whiteflowers3The performance of the Mexican Tuberoses (Polianthes tuberosa) this year was disappointing.  That could be due to both the extreme winter and the fact that some critter keeps digging up the bulbs.  I replant them when I find them, but probably too late.

The bush with the yellow flowers beside the Tuberose is a variety of Senna, I think.

whiteflowers4Only two Tuberoses bloomed this year.  So leaning in close is necessary to sniff that sweet scent.

“If you eat in the kitchen, your house is always clean, and you go to sleep at 9 pm, it means you don’t have internet.” unknown

Not a Rose

When is a “rose” not a rose?  When it belongs to a completely different family than roses.  Roses (Rosa) are woody shrubs in the Rosaceae family.  Most of us recognize a rose without even thinking about it.

So why do so many other flowers have “rose” in their name?  Who knows.  Maybe because of the romance and sentimentality associated with a true rose.

notarose3Ross Moss (Portulaca Grandiflora) is considered an annual, but is a perennial in our area.  It is a member of the Portulacaeae family.

Even in a plastic pot on the north side of the house, it returned after a cold and long winter this year.  Rose Moss can’t tolerate our heavy clay soil, so it needs a pot with good drainage.

notarose2Desert Rose (Apocynaceae Adenium Obesum) is actually a succulent member of the Oleander family.

notarosebOne of its characteristics is the formation of a bulb shape at the base of its stem as it ages.  This one only has a slight bulge so far.

notaroseMexican Tuberose (Polianthes tuberosa) is a perennial related to the agaves.  Polianthes means “many flowers” in Greek.

They don’t usually start blooming here until August, when the heat has been around awhile.  This picture is from last year.  The temps, as well as the humidity, have hit high gear, so they might be blooming in a month or so.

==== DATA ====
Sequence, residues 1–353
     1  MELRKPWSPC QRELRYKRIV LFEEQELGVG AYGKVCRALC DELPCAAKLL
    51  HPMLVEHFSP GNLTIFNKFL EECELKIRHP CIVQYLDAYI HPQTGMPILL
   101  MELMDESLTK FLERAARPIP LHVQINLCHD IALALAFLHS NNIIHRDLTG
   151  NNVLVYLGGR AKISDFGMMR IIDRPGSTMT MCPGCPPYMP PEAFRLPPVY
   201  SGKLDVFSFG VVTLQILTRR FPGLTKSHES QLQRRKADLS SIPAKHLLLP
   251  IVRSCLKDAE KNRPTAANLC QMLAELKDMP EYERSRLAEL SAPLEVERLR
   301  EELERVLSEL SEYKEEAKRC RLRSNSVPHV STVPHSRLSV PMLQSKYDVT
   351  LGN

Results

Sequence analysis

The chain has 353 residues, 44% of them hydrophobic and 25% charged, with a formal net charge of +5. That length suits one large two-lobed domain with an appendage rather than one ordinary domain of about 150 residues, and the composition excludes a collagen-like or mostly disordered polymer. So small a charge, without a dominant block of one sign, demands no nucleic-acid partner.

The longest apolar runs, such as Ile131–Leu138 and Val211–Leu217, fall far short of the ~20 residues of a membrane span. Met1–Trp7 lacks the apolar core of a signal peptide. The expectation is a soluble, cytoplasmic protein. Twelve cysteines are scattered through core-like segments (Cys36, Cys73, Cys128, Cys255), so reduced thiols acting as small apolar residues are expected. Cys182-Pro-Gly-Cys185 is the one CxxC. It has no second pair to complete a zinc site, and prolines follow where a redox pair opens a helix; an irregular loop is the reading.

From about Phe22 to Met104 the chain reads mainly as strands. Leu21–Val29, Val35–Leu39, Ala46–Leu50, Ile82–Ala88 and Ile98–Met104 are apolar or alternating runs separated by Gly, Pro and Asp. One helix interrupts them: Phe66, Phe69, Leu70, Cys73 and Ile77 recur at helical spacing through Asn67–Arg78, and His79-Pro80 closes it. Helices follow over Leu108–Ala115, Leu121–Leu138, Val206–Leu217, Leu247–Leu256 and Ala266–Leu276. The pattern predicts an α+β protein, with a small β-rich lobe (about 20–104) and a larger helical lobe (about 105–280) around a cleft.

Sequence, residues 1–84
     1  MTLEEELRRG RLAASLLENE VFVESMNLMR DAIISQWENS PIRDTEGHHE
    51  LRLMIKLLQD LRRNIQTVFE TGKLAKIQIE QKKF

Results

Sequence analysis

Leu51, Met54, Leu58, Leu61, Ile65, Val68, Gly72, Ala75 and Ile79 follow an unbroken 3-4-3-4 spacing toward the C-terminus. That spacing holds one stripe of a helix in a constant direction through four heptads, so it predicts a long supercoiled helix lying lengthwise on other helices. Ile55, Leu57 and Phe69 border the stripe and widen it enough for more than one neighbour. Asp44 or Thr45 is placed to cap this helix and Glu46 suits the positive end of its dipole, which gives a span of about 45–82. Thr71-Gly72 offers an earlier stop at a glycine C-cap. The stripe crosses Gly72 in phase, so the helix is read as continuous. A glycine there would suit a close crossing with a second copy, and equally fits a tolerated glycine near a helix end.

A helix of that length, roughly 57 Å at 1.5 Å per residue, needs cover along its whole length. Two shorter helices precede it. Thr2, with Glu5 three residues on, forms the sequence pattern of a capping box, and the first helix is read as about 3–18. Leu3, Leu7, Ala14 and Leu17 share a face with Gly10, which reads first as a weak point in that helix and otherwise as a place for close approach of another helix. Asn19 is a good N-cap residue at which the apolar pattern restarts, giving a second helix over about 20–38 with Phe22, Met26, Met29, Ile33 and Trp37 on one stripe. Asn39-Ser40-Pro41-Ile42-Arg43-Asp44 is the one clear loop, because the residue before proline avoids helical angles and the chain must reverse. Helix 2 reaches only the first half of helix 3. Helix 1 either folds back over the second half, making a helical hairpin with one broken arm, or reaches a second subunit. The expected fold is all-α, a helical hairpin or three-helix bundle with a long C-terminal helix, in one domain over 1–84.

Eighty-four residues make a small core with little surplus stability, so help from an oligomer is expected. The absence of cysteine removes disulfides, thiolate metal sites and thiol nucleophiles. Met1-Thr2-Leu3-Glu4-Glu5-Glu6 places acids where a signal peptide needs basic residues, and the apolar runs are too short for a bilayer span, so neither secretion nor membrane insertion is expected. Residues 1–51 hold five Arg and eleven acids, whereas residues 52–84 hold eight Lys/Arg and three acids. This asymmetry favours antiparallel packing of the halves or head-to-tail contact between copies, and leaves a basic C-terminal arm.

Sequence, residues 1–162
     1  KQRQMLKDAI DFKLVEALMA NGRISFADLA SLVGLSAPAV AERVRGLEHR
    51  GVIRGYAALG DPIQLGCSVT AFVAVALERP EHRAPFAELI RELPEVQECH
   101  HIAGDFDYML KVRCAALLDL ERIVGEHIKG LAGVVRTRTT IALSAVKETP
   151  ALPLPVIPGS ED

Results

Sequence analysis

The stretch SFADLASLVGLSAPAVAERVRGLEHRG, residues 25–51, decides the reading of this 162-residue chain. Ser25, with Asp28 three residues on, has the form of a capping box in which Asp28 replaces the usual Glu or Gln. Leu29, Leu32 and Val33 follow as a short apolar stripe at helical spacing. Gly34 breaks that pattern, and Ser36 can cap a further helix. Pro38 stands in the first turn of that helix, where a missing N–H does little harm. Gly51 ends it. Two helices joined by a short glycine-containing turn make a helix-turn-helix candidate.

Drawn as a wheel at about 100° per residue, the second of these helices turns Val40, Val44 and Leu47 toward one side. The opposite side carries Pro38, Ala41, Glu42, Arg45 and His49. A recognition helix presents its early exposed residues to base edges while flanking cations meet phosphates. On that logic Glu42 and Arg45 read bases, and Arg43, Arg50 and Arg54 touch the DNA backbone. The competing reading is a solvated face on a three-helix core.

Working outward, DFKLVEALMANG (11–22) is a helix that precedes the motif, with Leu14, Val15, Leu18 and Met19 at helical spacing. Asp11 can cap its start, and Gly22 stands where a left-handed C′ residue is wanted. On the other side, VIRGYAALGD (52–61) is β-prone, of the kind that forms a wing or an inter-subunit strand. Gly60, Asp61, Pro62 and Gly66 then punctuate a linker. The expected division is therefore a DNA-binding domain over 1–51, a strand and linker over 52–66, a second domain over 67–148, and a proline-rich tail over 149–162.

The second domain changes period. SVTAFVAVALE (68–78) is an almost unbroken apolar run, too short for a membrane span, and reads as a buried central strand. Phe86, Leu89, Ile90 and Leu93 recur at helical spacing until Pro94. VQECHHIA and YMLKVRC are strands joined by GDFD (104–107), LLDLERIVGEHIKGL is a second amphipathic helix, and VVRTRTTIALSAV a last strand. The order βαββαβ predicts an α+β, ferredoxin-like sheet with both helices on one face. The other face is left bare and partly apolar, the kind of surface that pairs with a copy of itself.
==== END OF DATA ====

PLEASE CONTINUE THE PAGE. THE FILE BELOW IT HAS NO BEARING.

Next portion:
rockrose6Texas Rock Rose (Pavonia lasiopetala) is a member of the Mallow family.  It is a small shrub that needs little moisture.  Mine doesn’t get much bigger and rarely blooms, maybe because it’s in a bed that gets watered.  It could also be that the amended soil in the lasagna bed is too good for it.  Never thought I’d say that about anyplace in my yard.

notarose4Rose of Sharon (Hibiscus syriacus) is in the Mallow family.  It is also known as althaea.

notarose5More pictures show the abundance of flowers.

notarose1All the bushes in the above pictures came from a friend’s cuttings.  She got them from her sister in Michigan.

pinkroseofsharonThis is a different variety of Rose of Sharon that I ordered from a catalog.  Nice color and ruffled center.

pinkroseofsharon2Doesn’t even look like the same flower.  All Rose of Sharons are hardy, hardy, hardy.  Not much water is needed to live, but it is necessary for them to bloom.

What do all these plants have in common?  They are drought tolerant, pretty, and thrive in the heat.  Despite their names, they are not in the rose family. notaroseEven a stone is called a rose.  If you use your imagination, a rose shape can be seen.

Desert Rose is a variety of gypsum that forms in the spaces between sand particles. It traps the loose sand in a unique flower-like crystal structure.  They tend to be small.  These are 1.5 inches across.

Rose rocks are found in Tunisia, Algeria, Canada, Saudi Arabia, Jordan, and in central Oklahoma.

Oklahoma rose rock was formed during the Permian Period, 250 million years ago, when western and central Oklahoma’s  shallow sea coverage was receding.   It is the official rock of Oklahoma.  Didn’t even realize that states had designated rocks.

“I once had a rose named after me and I was very flattered.  But I was not pleased to read the description in the catalogue:  no good in a bed, but fine up against a wall.”                     Eleanor Roosevelt

Summer White

Many years ago mothers in the south gave this advice to their daughters:  “Never wear white until Easter and never wear white after Labor Day.”  Who makes up these rules?